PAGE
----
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2 Darkening Echoes by Carol Smith (Little, Brown £15.99). Five women with seemingly nothing in common meet in an NHS gynaecological ward and keep in touch, combining and recombining in a series of chain reactions as rivalries and friendships grow. By contrivance, some of them are linked already: plump caterer Beth is having an affair with the husband of socialite Vivienne, whose vet's receptionist, Catherine, is also one of the five, and New Yorker Georgy is in love with Beth's ex-husband. Other, darker connections are revealed as the story progresses. Smith's dbut is a rattling thriller crossed with a feminist saga as the women discover female solidarity and rout their rotten menfolk. But sisterhood has its drawbacks: one member of the quintet is barking mad and murderous. It's not too difficult to guess who it is towards the end, given that one character is so obviously the author's alter ego, but the story is well played out against an evocative, rainy London background and Smith is adept at planting sneaky, oblique clues.

2 Hippie Hippie Shake by Richard Neville (Bloomsbury £18.99). Since we've all been told time and again that if you can remember the Sixties, you weren't really there, would-be chroniclers of the age, even those with credentials as impeccable as Neville's, have a bit of a problem. It would be terribly uncool to have a clear idea of what was happening; on the other hand, the sort of fillers Neville resorts to here - "The hippie scene took a walk on the wild side" or "The air was pungent with a feeling of belonging" - only emphasise the quantity of sheer vacuous rubbish produced by that famous decade. Neville's book is subtitled "the Dreams, the Trips, the Trials, the Love-ins, the Screw-ups ... the Sixties", which almost seems to be protesting too much. It documents the sexual revolution (and the ins and outs of his enthusiastic personal contribution to it) alongside the story of Oz. The "dirty little rag with filth in it" he created started life, as he did, in Sydney; the obscenity trials which obligingly followed ensured his badboy reputation. When Neville moved to London, he decided the old country was in need of the Oz treatment. It's all one long party, with a cast of the ultra-famous, or at least the very strange. The "Mick said this" and "Yoko did that" can get a bit tiresome, and the author's self-obsession is sometimes breath-taking, but much fun is to be had. The vignettes are the best: of Germaine Greer as smart groupie; of Neville's first encounter with Richard Ingrams, who said that anyone who smoked pot should be shot, but left them with a crisp and relevant piece of advice: "Take the mickey out of your betters."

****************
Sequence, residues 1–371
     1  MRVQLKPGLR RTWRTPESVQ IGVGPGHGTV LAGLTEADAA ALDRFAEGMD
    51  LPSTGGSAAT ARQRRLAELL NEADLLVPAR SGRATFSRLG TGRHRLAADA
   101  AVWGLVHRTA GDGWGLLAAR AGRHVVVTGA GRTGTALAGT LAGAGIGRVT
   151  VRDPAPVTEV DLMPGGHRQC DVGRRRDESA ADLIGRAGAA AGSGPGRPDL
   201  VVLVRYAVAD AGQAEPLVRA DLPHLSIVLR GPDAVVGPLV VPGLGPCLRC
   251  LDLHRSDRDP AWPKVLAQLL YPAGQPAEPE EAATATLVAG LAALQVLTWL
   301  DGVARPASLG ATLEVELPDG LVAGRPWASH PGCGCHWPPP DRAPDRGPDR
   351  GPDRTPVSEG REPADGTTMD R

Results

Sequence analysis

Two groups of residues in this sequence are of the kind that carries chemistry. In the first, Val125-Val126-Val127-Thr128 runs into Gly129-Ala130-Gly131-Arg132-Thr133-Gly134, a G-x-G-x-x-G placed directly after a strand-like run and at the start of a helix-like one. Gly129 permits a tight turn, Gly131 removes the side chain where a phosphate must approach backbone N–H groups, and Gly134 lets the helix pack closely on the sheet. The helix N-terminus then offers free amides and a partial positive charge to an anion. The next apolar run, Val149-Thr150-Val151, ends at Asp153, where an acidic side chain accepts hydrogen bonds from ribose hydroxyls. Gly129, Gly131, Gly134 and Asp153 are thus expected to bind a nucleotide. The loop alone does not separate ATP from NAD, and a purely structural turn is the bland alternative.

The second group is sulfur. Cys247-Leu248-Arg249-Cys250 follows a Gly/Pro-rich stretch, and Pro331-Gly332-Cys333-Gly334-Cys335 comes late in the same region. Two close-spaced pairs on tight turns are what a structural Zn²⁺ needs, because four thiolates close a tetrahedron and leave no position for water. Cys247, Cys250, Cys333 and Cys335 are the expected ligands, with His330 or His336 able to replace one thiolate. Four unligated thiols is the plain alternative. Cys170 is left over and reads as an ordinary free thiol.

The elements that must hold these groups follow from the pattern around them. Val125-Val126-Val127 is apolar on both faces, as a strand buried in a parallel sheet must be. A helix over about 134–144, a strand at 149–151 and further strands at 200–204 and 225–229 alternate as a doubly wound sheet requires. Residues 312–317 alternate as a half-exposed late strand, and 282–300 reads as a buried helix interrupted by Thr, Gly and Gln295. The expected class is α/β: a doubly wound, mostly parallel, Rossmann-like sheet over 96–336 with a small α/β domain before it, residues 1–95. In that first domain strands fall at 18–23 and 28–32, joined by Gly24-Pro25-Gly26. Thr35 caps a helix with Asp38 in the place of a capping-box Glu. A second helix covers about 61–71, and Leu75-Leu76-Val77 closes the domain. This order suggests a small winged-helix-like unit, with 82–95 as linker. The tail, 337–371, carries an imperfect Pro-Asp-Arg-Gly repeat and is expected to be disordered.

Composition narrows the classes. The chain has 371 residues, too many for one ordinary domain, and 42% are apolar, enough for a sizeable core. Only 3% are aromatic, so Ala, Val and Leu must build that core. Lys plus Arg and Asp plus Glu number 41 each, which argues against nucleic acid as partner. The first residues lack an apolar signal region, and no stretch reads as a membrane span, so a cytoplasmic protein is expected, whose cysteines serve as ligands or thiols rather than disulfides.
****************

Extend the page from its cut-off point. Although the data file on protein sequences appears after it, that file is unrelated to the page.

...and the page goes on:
2 Knightsbridge Woman by Maria Perry (Deutsch £8.99). Nancy Cunard adorns the cover of this stylish volume blending historical anecdote and modern urban lore. Whether it's information on the original KW (shopaholic Mary II, who had a standing order for 24 pairs of gloves a month), parking, nannies, or a disquisition on what, precisely, constitutes Knightsbridge (a surprisingly complex question), Perry delivers with style. A meditation on the difficulties of painting one's kitchen the correct shade of terracotta develops into a history of pearl-wearing featuring Charles II's mistress Louise de Keroualle (resident of Kensington House and therefore a prime KW). Society hostess Lady Blessington of Kensington Gore (from gara, Anglo- Saxon for unploughed land) had a mynah bird which shouted "Up Guards and at 'em", delighting the Duke of Wellington. And Harrods came to a special arrangement with the GPO in 1921 to change their address to Knightsbridge, ignoring the fact that they are really in Brompton Road. An ideal gift for Knightsbridge Women and those who wannabe.